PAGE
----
Hair and skin may be the first physical indicators of aging, but your mouth is the next area to follow suit. As you age, it’s good to be aware of the signs. Not only will you know what to expect, but you’ll also be able to take action now to alleviate the symptoms of how aging impacts your oral health.
Tooth wear and weakening: Years of use will inevitably lead to wearing. This, coupled with the calcium deficiency that afflicts elderly populations, leads to advanced tooth wear and weakening. Ultimately, these factors impair seniors’ ability to chew and ingest solid foods.
Darker coloring: Under the enamel, the tooth’s center (called the dentin) naturally yellows with age. Aging dentin also begins to absorb more stains. On the surface of the tooth, more dental plaque begins to stick as the tooth’s protective surface (the enamel) begins to weaken as well.
Gum recession: If plaque is left untreated, it can begin to disintegrate the bone around the teeth, leading to gum recession. Teeth will become more exposed as the gums recede. If you notice that your smile has become more toothy than it used to be, perhaps it’s time to get a checkup and get rid of the plaque. It’s also important to note that this condition is typically advanced in smokers. If you’re a smoker, it’s especially important that you get your teeth checked and cleaned regularly.
Root caries: Gum recession can also lead to root caries, which is a lesion that grows on the root of teeth and breaks it down. The root exposure that occurs from gum recession makes your teeth more susceptible to root caries. The gum recession in combination with xerostomia (severe dry mouth), which affects 40 percent of elderly patients of 80 years or more, makes root caries more likely to develop.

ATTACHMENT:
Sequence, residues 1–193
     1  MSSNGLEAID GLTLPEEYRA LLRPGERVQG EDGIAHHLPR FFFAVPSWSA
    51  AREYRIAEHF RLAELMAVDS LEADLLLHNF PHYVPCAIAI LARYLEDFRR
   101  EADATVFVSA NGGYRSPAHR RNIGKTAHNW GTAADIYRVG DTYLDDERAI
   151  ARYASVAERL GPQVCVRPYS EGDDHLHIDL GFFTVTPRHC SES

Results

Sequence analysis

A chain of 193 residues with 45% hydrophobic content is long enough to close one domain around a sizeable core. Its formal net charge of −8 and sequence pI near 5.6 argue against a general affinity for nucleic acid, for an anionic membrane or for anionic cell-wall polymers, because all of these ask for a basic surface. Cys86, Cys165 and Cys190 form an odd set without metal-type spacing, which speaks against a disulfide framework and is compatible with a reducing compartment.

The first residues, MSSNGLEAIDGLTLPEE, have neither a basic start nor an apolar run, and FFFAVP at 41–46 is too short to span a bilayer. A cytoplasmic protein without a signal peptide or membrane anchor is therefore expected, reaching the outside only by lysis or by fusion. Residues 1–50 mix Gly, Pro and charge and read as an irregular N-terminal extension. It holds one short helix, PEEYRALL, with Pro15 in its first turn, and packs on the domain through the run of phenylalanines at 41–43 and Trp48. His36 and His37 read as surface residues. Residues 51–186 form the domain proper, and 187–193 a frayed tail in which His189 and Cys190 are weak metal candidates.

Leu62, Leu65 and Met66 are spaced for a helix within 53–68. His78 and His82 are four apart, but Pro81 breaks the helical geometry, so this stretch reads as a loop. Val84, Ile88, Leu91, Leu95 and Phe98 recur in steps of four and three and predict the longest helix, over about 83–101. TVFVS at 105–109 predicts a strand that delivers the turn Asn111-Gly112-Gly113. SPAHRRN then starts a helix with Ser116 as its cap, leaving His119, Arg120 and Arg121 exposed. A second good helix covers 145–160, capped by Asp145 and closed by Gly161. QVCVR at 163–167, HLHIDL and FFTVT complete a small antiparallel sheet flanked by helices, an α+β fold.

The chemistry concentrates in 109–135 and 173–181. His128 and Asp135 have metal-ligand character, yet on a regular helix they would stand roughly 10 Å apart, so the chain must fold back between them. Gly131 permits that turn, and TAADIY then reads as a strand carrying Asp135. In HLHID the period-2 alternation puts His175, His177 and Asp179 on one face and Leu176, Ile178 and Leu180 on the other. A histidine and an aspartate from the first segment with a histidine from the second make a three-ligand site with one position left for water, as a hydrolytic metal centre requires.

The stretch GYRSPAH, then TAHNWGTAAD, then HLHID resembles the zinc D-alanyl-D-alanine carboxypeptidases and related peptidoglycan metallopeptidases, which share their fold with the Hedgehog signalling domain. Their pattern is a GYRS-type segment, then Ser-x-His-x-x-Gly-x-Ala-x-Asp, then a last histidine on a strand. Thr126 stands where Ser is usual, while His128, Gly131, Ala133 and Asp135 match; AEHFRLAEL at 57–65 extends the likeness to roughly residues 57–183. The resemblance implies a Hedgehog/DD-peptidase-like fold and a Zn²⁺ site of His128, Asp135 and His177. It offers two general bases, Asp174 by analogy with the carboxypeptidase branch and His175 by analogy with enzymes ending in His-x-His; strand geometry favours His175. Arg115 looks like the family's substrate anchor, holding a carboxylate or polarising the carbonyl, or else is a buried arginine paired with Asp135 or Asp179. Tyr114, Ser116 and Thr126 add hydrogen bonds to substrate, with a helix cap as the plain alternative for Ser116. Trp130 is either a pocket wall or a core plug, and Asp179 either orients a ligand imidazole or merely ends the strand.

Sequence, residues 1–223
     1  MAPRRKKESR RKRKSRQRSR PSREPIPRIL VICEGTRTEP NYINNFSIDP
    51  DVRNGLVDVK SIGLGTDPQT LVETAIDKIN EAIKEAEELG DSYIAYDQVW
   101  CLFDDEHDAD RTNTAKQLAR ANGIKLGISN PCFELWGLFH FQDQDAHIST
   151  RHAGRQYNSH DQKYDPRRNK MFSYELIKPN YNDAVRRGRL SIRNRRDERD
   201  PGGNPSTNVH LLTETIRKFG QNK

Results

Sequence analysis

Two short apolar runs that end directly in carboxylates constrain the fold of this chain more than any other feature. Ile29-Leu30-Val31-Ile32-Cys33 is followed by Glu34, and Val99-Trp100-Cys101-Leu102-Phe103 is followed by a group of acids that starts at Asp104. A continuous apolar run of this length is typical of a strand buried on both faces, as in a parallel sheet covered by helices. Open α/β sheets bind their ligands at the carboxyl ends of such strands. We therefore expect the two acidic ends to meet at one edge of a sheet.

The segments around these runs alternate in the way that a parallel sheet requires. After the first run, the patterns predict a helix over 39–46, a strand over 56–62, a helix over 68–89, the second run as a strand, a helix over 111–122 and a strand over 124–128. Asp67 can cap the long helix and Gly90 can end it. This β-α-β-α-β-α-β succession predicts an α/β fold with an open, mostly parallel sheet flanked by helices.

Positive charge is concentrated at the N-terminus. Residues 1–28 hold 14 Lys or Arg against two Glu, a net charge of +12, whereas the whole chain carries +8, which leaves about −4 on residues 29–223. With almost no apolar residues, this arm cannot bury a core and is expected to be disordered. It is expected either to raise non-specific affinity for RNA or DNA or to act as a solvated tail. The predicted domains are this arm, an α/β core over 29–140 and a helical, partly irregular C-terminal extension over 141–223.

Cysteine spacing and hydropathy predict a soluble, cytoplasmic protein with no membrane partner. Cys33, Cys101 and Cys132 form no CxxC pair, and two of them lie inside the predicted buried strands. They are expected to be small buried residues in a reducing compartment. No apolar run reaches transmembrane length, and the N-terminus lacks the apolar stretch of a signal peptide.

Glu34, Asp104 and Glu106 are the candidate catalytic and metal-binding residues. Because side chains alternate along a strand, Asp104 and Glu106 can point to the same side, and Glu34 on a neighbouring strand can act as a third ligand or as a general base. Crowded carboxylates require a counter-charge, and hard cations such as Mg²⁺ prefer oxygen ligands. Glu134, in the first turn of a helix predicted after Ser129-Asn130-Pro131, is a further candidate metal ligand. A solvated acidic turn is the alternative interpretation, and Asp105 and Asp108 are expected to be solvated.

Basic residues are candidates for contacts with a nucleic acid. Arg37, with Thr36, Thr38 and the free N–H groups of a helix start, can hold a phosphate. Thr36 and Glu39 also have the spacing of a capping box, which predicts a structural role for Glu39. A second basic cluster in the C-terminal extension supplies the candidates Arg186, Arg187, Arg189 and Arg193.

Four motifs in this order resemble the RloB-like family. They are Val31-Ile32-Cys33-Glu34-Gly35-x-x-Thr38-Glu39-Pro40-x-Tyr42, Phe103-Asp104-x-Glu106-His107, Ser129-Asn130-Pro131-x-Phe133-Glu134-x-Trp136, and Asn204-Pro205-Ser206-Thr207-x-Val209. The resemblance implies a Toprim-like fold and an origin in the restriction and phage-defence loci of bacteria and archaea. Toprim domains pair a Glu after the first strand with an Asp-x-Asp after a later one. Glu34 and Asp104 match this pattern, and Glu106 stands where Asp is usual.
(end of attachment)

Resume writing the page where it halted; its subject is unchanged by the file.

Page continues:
Cavities: Another dental concern among elderly populations is cavities, which are caused by degradation of the teeth’s roots and enamel. Avoiding sugar in your diet and brushing twice daily are two ways to suppress cavity development. If you suspect you may have a cavity, contact your dentist to get treatment. Cavity detection sometimes requires the use of X-rays or other sophisticated dental equipment, so regular dental check-ups are necessary to catch and resolve cavities early.
Whether it be tweaking your diet or making a point to floss daily, small changes now can lead to better results in the long run. Know the signs, so you can act now. If you have any questions or concerns about these signs or anything else, give us a call! We’re here to put you at ease and help you adjust to any changes you may experience. At All About Smiles, we’re all about you and your health!